Does that add to your pain?

Yes, it does.

Research detailed in the Physical Therapy and Rehabilitation Journal 3 shows that your beliefs hugely affect the amount of pain you experience.

Being provided with different explanations is upsetting, stress-inducing and tends to increase your pain. And at the very least, it results in you trying all sorts of different exercises and advice.

Mature woman stretching on yoga mat at home.

So, We’re Back to the Non-specific LBP label. Or, Are We?

At the very least a diagnosis or label should do no harm. Ideally it should empower you, right? It should offer some insights into what you should and shouldn’t do to recover. Because the vast majority of LBPs resolve over about 6 weeks (and yes, even without treatment). But unfortunately, many people go on to have recurring episodes.

So, the pattern for most people isn’t pain that never leaves them. It’s episodes of pain that come and go across years, often decades.

What is the purpose of pain?

The biological purpose of pain is to act as an alarm system. If you put your hand on something very hot, pain is there to tell you to stop. If you kept your hand there it would lead to significant damage. In the early stages of LBP, the pain happens before you actually do any damage. In fact, there is little correlation between the amount of pain you feel and the degree of damage.

Young male holding his back in pain sitting on sofa.

Back to the optimal labelling process. There are things you should avoid - at least in the short-term - if you want your pain to improve. What you should avoid is particular to you. In the first few weeks of a back problem, let pain be your guide. My Golden Rule is ‘use it or lose it, but don’t abuse it’. We’re focusing on the second part here: try to avoid things that obviously aggravate your pain. This will be different from person to person. Although in my clinical practice, we find that 72% of our patients find sitting aggravates their pain.

So Why Do Most People Experience Recurring Pain?

Well, a lot of this comes down to ineffective or unrealistic planning when it comes to managing pain and developing strategies to help minimise episodes of pain.

I often see two main reasons most people have recurring pain:


  1. You have a bad plan – maybe it’s a mix of haste to create one, along with misinformation, or you don’t know where to start
  1. You don’t stick to a plan – maybe this is because you don’t feel any benefits from your plan so choose not to stick with it, or maybe you improved but then slipped back to your old ways


Is There Another Way?

At Active X Backs we use a labelling system that won’t do you any harm. It gives you a guide as to how long it may take to recover, and what to avoid if you want to allow the symptoms to settle.

The model we work with, and we provide to all our clients at Active X Backs is The Cliff of Pain ™

Active X Backs Infographic - The Cliff of Pain

Too many people focus on avoiding triggers, and using ‘Relievers’ to climb back up The Cliff. If you want a long-term solution, guess where the safest place is? That’s right - as far back from the edge as you can get. An uncomfortable truth about most LBP is that it is lifestyle related.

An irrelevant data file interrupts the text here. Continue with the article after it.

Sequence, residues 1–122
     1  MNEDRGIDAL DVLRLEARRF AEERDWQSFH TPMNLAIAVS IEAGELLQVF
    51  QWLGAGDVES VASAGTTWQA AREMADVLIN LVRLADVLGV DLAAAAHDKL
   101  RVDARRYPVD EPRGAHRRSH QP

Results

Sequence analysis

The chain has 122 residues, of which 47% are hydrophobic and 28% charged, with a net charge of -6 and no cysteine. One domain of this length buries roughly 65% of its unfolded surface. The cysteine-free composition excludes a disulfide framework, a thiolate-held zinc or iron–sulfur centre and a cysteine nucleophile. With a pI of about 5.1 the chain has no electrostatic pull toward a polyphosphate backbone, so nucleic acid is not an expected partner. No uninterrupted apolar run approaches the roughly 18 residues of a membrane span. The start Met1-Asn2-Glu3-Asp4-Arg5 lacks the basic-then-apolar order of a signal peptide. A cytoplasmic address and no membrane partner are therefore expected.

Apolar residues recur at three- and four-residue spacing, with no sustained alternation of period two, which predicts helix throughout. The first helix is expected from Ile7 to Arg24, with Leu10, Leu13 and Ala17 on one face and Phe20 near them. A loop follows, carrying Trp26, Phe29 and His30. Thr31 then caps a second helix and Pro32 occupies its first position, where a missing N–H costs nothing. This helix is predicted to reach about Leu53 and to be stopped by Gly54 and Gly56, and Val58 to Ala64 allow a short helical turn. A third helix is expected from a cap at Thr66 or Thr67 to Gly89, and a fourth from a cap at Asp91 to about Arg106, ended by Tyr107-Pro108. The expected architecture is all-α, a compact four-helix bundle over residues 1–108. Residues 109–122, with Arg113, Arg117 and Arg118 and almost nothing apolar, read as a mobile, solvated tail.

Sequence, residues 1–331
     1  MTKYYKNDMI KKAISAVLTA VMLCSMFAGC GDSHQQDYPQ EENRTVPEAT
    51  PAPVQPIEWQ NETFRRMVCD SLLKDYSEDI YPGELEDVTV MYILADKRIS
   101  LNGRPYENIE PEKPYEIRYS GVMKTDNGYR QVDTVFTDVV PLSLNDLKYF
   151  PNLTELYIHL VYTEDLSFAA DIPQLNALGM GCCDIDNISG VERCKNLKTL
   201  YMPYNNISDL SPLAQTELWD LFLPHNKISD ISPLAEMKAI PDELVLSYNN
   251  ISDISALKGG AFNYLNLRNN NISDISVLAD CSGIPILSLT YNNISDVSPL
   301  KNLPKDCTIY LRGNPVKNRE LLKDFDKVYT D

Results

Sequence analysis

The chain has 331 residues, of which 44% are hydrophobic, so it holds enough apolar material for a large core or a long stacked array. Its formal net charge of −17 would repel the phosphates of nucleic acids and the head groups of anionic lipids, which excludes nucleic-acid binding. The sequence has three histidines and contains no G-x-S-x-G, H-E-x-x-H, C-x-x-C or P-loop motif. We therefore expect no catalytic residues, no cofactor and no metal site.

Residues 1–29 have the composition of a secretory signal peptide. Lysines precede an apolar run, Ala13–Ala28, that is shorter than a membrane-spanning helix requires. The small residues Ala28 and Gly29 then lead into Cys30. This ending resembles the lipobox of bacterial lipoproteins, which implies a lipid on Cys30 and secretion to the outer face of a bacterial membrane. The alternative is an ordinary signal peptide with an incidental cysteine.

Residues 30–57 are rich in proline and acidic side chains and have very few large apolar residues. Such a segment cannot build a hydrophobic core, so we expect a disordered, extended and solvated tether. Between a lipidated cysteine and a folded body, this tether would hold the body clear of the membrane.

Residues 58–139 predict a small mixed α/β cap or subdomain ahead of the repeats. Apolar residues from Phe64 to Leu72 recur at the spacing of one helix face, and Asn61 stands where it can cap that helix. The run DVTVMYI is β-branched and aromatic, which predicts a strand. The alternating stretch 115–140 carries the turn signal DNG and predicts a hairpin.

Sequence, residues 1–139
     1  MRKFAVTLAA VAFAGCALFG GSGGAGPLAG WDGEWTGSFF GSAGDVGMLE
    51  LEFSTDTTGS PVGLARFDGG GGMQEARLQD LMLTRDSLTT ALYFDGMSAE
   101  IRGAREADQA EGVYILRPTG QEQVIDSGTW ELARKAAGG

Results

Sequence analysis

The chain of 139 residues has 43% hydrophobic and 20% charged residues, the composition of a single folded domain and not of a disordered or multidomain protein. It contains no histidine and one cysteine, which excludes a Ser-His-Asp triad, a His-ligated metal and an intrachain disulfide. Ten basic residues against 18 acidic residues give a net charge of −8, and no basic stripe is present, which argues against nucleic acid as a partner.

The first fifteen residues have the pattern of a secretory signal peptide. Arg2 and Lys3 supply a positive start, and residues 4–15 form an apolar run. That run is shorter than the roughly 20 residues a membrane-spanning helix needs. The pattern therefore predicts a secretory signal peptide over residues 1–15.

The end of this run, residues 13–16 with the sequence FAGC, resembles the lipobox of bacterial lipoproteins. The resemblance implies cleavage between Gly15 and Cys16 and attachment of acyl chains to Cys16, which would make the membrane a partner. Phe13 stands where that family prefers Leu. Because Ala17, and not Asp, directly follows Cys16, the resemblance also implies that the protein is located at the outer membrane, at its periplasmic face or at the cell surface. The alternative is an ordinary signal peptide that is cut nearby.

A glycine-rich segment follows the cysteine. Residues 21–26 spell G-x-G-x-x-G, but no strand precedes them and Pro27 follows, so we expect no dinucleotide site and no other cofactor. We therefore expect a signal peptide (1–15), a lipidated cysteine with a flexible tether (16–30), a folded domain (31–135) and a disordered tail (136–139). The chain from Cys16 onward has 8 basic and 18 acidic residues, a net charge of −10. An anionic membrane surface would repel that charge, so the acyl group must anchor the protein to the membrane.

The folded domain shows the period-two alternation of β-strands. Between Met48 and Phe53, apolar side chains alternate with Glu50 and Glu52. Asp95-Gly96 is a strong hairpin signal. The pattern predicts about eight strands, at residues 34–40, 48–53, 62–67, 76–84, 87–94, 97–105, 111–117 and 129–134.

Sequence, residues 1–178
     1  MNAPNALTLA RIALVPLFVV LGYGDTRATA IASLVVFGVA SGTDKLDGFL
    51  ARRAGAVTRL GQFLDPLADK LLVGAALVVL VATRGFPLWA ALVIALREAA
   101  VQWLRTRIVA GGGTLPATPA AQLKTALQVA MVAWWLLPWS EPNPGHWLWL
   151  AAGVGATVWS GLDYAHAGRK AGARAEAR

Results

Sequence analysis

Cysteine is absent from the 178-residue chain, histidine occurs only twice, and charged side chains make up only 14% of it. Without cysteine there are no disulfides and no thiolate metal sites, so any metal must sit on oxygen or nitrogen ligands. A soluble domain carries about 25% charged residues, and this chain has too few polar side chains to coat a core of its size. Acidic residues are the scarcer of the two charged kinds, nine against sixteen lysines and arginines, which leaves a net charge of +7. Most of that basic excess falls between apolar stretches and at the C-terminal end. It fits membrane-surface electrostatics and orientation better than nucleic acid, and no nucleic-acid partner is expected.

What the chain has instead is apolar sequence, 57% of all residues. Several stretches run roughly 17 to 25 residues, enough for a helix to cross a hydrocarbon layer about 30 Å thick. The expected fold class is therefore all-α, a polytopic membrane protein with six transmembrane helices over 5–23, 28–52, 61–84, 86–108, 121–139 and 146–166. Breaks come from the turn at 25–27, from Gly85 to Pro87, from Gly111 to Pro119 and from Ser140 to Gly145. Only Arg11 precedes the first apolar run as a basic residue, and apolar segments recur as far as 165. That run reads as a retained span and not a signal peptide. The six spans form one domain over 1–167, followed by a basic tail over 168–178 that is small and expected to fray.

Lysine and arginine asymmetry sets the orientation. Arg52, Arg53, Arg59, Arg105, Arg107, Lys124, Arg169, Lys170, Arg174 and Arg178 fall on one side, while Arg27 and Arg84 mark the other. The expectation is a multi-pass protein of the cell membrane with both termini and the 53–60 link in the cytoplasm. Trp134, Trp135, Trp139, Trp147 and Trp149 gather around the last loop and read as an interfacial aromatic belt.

Our approach at Active X Backs is based on experience and post-graduate training. Perhaps the most significant step forward in my understanding was studying for a Master’s degree in the Clinical Management of Pain at the University of Edinburgh. I focused as often as I could on lower back pain. My dissertation year was focused on scoping the ‘Optimal digital intervention for lower back pain’. It involved a review of International Clinical Guidelines, to make sure we put safety first and based our approach on the best available evidence. This is continuously reviewed and we’ve made lots of progress. So, if you’d like to find out your own empowering Functional Assessment (our approach to diagnosis), you can do that for free.

Young woman sitting on sofa smiling completing online survey on laptop

Many people elect to take the free assessment which generates a comprehensive report. This can then be used on an individual basis to begin to address low back problems themselves. For those who require more support, the beauty of our solution is that it can be delivered wherever you are at a time that is convenient to you. With no need for trips to a clinic; your personalised programme can be delivered to you in the comfort of your own home.

Do I Think There’s Still a Role for Manual Therapy, Surgery, Medication, Acupuncture etc.?

Absolutely, but it is vital that the overarching approach is one that empowers you. Too much therapy is a passive approach to managing your pain by way of having things done to you. If you truly want a long-term solution, you have to take back control and with the benefits of lifestyle management and individualised care.

In the last few weeks, our clients at Active X Backs have included a doctor from Florida, an artist in Belgium, a marketer in Myanmar, and all sorts of folk here in the UK. They have all had LBP, many including sciatica. Many of them have had pain of more than 7 out of 10, and been significantly disabled by their pain. Most of them have consulted therapists locally, and not achieved a lasting improvement, until they came to us.

Woman standing upright and outstretched on top of hill.

Knowledge is Power!

Click here to start your unique journey into understanding and overcoming your low back pain and find out how the team at Active X Backs can help you.



1. The British Pain Society 

2. Journal of Orthopedic and Sports Physical Therapy 

3. Physical Therapy and Rehabilitation Journal